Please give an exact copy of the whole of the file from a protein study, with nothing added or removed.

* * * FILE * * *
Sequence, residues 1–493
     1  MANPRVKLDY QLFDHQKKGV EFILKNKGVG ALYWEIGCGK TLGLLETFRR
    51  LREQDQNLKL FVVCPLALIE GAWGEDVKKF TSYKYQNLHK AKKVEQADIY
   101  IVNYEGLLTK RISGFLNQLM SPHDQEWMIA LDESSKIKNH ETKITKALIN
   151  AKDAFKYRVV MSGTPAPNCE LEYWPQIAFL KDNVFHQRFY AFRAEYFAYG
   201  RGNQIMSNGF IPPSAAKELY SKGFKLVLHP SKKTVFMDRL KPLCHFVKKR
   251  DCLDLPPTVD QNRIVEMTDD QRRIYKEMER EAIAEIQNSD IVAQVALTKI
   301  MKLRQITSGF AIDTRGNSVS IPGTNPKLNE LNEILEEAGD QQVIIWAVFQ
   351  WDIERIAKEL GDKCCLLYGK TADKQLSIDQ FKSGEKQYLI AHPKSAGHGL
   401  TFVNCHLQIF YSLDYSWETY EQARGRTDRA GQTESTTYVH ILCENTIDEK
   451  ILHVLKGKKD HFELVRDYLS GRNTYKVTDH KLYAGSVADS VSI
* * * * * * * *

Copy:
Sequence, residues 1–493
     1  MANPRVKLDY QLFDHQKKGV EFILKNKGVG ALYWEIGCGK TLGLLETFRR
    51  LREQDQNLKL FVVCPLALIE GAWGEDVKKF TSYKYQNLHK AKKVEQADIY
   101  IVNYEGLLTK RISGFLNQLM SPHDQEWMIA LDESSKIKNH ETKITKALIN
   151  AKDAFKYRVV MSGTPAPNCE LEYWPQIAFL KDNVFHQRFY AFRAEYFAYG
   201  RGNQIMSNGF IPPSAAKELY SKGFKLVLHP SKKTVFMDRL KPLCHFVKKR
   251  DCLDLPPTVD QNRIVEMTDD QRRIYKEMER EAIAEIQNSD IVAQVALTKI
   301  MKLRQITSGF AIDTRGNSVS IPGTNPKLNE LNEILEEAGD QQVIIWAVFQ
   351  WDIERIAKEL GDKCCLLYGK TADKQLSIDQ FKSGEKQYLI AHPKSAGHGL
   401  TFVNCHLQIF YSLDYSWETY EQARGRTDRA GQTESTTYVH ILCENTIDEK
   451  ILHVLKGKKD HFELVRDYLS GRNTYKVTDH KLYAGSVADS VSI